28 March 2019

One year ago people in Gaza began holding demonstrations and being shot by the Israeli forces every week near the fence between the two territories.

The medical, human and financial toll in the blockaded enclave has become unbearable as thousands of people have been left to cope with devastating wounds.

Despite the efforts of the few actors on the ground, the needs vastly exceed the available capacity.

Great march of return: Gaza
Firas, 19, in care in an MSF clinic in the Gaza Strip. Firas was wounded by an Israeli army fire on 4 June 2018 during a march of the return march. Photo: Simon Rolin 

The abandonment of Gaza has become complete in the last year as the more than 6,500 people shot by Israel during the course of protests have largely been left to their fates.

Suffering from complex and severe wounds – mostly to the legs – many of these people are now waiting with diminishing hope for comprehensive treatment for their injuries.

Searching for help in a health system ruined by more than a decade of the Israeli blockade, they have also been abandoned by the different branches of the Palestinian authorities stuck in a political stalemate where the medical needs of the population fall to the bottom of the agenda.

The situation in Gaza is medically, financially and humanly more than can be managed by all those present in the blockaded strip, despite the efforts of the teams of the Ministry of Health and the few other health actors involved in the response.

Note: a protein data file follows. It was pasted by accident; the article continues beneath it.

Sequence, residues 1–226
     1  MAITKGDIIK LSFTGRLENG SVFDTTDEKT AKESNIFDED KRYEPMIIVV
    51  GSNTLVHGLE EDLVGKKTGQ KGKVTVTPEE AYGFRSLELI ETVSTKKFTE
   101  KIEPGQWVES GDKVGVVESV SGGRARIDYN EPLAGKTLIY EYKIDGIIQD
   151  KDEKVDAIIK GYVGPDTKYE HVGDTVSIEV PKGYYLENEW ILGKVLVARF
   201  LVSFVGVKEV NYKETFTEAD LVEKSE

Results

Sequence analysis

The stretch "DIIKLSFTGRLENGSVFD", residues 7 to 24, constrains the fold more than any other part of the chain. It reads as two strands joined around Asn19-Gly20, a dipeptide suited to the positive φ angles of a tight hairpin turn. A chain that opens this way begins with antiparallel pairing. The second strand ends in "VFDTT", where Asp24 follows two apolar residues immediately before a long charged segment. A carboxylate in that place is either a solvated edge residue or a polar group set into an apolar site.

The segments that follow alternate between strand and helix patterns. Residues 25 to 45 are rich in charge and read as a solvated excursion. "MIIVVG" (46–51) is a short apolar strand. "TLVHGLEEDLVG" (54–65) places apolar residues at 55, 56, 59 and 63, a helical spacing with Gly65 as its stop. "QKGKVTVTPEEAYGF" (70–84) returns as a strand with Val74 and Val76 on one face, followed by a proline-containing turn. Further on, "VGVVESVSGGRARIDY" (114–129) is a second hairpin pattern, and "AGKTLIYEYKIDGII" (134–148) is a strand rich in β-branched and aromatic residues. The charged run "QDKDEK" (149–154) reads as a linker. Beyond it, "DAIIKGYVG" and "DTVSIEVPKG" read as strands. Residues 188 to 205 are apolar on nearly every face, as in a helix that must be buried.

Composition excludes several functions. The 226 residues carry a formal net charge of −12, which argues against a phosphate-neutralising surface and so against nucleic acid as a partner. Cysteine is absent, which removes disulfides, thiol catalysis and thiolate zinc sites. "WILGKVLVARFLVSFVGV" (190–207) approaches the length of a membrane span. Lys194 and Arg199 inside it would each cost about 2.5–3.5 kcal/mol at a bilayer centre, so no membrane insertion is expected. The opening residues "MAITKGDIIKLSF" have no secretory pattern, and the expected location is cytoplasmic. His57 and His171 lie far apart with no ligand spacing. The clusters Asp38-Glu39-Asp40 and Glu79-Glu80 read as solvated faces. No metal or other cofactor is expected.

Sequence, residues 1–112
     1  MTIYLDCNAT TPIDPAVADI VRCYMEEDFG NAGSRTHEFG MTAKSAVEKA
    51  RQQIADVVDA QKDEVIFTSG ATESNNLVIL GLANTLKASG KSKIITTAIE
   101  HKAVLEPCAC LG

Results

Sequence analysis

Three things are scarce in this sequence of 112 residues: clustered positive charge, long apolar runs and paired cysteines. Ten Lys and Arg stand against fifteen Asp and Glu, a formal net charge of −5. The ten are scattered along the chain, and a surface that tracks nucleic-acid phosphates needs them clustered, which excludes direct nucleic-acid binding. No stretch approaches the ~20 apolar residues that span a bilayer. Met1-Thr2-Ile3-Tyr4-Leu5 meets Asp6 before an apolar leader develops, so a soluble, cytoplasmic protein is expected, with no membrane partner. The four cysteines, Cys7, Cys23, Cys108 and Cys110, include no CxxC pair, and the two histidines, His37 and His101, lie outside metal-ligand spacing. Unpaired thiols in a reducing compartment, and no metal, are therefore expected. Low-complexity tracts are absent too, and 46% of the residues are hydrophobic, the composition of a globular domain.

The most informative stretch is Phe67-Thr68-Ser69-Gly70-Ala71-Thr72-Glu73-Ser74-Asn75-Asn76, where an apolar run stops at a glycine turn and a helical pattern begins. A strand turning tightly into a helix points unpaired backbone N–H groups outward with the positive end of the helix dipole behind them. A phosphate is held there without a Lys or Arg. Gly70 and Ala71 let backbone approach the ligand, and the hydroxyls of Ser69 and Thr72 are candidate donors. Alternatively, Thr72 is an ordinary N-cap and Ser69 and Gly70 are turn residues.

Doctors Without Borders (MSF) has tripled its capacity in Gaza since the beginning of 2018 but is overwhelmed by the scale of what the teams have been left to take on.

These are not simple wounds that can be easily stitched up. Huge chunks of legs have been blown out and the bones within shattered.

These people need repeated surgeries to just clean and close their wounds. Many are infected, preventing reconstructive surgery that is in any case available only to a tiny few in Gaza.

Great march of return in Gaza
MSF providing care for the victims of the Great March of Return. Photo: Simon Rolin

We have opened inpatient departments, added to our surgical teams and care for hundreds daily in our clinics.

Yet still, we lack the number of beds necessary to treat these patients as well as the number of doctors with the expertise required to tackle resistant infections or to perform the complex surgeries to fuse bones back together.

All of the authorities responsible for Gaza – on both the Israeli and Palestinian sides – have a duty to take concrete action to improve the situation in Gaza that they are not fulfilling while the fate of thousands remains in question.

Adding to an already heavy toll, violence continues to occur along the fence and recent weeks have seen a further escalation of tension in the area.

We are not naïve about the current political situation, but these health needs must be answered. We must also express our disappointment with the lack of action by the international community – despite our repeated calls for support.

Gaza_Great march return anniversary
he injuries are complex and severe, with half resulting in open fractures. They require long periods of care and different types of treatment, to get better. Photo: Simon Rolin
 

The risk is that we leave thousands to their fate: in pain, facing amputations and a lifetime of disabilities.

These effects will not be confined to those shot, however, but will ripple outwards in a society already brought to the brink of collapse by the blockade. Further misery beckons for a people trapped by a series of political spats that have little to do with them.


Read more about MSF's activities in Palestine.